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State Legislature impacts Montana’s Indian Country

From Montana Standard by Paul Hamby & Rob Chaney May 27 2021

The Montana Legislature has ended this year with several bills making their way to Gov. Greg Gianforte that will have a lasting effect in the state’s Indian Country. 

Throughout the 2021 legislative session, 12 Indigenous people took their seats in the Montana House and Senate. The Montana American Indian Caucus this year was the largest since at least 1989, when the Legislature started collecting cultural heritage information from its members.

Marijuana rollout

After several contentious months, a marijuana implementation bill passed through the Legislature in late April. Along with detailing how much cannabis each resident can grow either as a business license holder or private citizen, House Bill 701 also stipulates for tribes where they can sell marijuana. Tribes can receive a business license to run a dispensary within 150 miles of the outside boundary of a reservation, according to the bill.

The Crow Tribe passed an ordinance in early April laying the foundation for the tribe to enter the cannabis industry, with all sales of marijuana products being made through the Apsáalooke government and taxed at 7% for each retail sale.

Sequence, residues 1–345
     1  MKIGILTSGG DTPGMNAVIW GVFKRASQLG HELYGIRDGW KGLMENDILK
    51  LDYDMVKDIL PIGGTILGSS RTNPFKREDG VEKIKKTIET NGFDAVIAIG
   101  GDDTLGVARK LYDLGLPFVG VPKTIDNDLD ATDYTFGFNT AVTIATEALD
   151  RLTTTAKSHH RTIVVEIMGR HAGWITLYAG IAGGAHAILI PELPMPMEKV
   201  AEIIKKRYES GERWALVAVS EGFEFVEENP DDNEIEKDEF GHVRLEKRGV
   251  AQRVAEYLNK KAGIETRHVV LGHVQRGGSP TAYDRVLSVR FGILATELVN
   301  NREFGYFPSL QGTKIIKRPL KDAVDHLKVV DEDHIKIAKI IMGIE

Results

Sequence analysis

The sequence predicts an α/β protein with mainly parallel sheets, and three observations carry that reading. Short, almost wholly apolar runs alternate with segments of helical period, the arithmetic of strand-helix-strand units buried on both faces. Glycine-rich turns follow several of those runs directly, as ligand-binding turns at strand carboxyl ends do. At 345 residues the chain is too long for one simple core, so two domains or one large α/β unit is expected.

Crow Chairman Frank White Clay previously told The Gazette the ordinance is subject to change as the tribe determines best practices in growing, processing and selling cannabis. White Clay said the approval of the ordinances is both an effort to diversify the Crow economy, and an exercise of the tribe’s sovereignty.

Thor Hoyte, legal counsel for the Crow Tribe, said Thursday the tribe has been in consistent contact with the governor’s office throughout the legislative process. Although the tribe will parallel the state in rolling out its marijuana sales policy over the next several months to avoid any legal confusion, both Hoyte and White Clay have said the Apsáalooke Nation will run its cannabis operations independent of what legislators have passed or tabled during the session in regards to marijuana.